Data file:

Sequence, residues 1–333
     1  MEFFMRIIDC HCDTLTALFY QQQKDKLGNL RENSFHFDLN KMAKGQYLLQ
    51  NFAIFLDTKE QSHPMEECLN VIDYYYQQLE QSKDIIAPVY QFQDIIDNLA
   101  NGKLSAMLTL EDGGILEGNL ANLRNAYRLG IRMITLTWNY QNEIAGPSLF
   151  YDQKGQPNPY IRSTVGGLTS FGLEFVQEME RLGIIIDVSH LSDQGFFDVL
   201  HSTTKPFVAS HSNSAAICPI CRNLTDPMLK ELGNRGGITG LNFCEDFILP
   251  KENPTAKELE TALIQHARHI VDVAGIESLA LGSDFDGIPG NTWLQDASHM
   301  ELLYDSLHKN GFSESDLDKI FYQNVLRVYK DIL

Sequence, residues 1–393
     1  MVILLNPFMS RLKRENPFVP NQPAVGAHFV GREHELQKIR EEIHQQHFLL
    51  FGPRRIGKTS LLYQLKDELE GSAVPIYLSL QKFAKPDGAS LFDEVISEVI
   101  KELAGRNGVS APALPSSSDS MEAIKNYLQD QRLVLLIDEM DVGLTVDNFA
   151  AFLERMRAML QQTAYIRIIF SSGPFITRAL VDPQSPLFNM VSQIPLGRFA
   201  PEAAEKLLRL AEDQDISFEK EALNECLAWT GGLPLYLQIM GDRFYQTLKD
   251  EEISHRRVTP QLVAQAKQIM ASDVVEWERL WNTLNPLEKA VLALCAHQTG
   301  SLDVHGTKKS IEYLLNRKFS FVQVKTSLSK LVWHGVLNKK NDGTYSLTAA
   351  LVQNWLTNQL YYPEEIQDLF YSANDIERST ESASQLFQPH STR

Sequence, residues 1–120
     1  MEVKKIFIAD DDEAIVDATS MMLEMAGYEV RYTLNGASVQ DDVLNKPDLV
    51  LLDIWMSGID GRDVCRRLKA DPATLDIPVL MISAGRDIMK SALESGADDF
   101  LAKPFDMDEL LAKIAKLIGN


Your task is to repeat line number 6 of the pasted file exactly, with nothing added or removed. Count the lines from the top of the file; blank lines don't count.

   201  HSTTKPFVAS HSNSAAICPI CRNLTDPMLK ELGNRGGITG LNFCEDFILP